I grew up, in the dark ages according to my kids. They once asked me if I rode in a horse and cart to school. So apparently being born last century makes me a peasant farmer. I may not have had apps and facetime, but I did have to remember my PIN number, the combination lock on my bike, and my friends’ phone numbers off by heart. What I didn’t realise then, amongst all my teenage angst, was how simple it was, if I did’t want to take a call or speak to anyone I didn’t have to. I unwound by flicking on the radio or listening to a mixtape. The most stressful part of my afternoon was having mum interrupt me taping a Clash song from the radio, to call me for dinner, or the tape getting caught and mangled and having to patiently roll it back in with my Bic biro. Unless someone literally knocked on my front door, they couldn’t get to me.

I remember the names of the two boys who picked on me relentlessly in Year 6 even though I was the principal’s daughter, seems I was not off-limits. I googled them both once in a fit of pique, happy to see one had disappeared entirely and the other was still in the same small town with a menial job. I felt vindicated. Ignoring behaviour does not mean it is forgotten. The repercussions of bullying are long-lasting. I still remember the hurt and isolation, forty years on.

Immediate intervention punishing the bullies does not heal the damage or take away the threat. The nervous system continues to stay on high alert and in stress mode. This can also become triggered and reactivated in future high-stress situations causing feelings of inadequacy, and thoughts of “I’m dumb, I’m ugly, Nobody likes me, or I’m not good enough,” re-emerging throughout adulthood.

I have worked in counselling sessions with adults still impacted by harassment from students in high school.  The repercussions of bullying can be felt long after the abuse has stopped. Bullying can result in substance abuse, self-harm, promiscuity, illness, social withdrawal, relationship breakups, unemployment, and sometimes suicide.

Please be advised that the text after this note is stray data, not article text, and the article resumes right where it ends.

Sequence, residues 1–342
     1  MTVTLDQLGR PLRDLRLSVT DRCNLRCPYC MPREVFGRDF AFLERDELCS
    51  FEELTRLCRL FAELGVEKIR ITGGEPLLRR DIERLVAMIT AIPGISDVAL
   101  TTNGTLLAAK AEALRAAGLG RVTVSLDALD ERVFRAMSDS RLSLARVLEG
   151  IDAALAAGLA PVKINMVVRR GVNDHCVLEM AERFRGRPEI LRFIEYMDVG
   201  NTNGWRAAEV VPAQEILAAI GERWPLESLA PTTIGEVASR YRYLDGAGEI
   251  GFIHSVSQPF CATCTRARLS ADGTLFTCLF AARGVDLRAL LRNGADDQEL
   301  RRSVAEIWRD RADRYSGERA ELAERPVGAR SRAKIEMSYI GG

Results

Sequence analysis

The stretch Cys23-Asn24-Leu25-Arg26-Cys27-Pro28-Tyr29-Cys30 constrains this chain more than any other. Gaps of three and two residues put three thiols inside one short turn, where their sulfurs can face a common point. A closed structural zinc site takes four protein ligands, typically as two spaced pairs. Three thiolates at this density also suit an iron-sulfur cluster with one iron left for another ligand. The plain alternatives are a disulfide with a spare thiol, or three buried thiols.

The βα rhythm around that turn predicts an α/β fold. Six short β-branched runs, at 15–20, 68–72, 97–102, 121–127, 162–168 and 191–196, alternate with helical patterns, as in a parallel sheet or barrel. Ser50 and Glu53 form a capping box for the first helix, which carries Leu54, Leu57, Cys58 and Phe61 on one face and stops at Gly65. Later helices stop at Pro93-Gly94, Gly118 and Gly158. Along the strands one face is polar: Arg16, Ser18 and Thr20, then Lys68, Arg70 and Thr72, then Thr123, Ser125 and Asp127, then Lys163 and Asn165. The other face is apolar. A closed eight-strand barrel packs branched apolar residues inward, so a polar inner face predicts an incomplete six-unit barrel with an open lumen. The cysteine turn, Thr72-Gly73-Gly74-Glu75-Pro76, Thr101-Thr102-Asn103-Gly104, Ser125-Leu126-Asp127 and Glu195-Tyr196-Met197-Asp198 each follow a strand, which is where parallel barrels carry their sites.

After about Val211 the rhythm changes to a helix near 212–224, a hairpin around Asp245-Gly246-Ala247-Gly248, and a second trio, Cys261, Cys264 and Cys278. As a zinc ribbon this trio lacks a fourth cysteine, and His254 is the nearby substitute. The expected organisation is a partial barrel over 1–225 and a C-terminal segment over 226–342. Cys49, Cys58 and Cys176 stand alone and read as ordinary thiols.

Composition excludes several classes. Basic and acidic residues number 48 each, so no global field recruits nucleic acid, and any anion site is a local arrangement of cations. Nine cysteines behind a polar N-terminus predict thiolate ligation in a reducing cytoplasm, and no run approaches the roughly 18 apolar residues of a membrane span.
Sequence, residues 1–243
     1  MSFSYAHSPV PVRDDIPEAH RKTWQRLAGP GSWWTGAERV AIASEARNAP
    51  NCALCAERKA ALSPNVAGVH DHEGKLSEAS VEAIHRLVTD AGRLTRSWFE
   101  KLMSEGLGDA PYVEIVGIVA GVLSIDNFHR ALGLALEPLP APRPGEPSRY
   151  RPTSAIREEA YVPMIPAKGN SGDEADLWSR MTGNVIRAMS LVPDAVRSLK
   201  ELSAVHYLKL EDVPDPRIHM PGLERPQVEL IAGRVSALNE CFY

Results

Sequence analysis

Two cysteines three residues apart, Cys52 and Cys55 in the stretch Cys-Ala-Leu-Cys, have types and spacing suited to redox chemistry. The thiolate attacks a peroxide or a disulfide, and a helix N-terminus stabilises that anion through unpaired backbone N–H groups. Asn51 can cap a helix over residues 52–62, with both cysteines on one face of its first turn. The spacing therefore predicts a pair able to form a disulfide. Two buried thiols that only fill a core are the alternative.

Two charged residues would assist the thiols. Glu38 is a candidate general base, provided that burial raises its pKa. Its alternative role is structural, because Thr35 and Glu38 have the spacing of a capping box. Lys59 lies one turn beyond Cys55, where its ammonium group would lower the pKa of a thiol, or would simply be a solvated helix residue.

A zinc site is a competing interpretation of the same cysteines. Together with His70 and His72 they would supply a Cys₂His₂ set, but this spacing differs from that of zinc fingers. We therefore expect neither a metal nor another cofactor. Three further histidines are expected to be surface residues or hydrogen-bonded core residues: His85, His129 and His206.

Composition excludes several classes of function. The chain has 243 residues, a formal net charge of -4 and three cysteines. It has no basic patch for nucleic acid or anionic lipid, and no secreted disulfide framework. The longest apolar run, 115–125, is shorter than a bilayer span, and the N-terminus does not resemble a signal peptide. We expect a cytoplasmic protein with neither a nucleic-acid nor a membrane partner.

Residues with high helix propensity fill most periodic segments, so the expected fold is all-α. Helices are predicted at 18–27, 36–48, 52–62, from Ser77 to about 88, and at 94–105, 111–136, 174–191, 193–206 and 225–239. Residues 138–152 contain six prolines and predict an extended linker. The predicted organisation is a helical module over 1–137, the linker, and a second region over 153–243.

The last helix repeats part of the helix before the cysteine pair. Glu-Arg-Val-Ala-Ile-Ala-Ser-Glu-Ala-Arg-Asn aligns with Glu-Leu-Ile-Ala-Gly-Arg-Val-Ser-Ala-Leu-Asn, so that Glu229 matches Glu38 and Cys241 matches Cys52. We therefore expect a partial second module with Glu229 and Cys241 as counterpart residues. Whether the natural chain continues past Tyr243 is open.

What are the school’s obligations?

  • Let the student know of a bullying contact person
  • Offer support strategies for individuals experiencing bullying, outline what will happen next
  • Report to appropriate staff members such as Dept. Head of Middle School, Head of Middle School
  • Deliver appropriate support and consequences for students who behave inappropriately
  • Provide preventative strategies
  • Ensure not to model bullying behaviour in interactions with students

The thing is, if you’ve never experienced bullying, and are not familiar with reporting procedures, you may not know how to book an appointment with the school counsellor, psychologist or chaplain. Schools say they don’t highlight these in case it might encourage students to bully others, like talking about taboo subjects like suicide, drug-taking or sex might give people ideas. It doesn’t. It creates awareness and educates. It allows students to be proactive rather than reactive. It allows them to be responsible for their own mental health.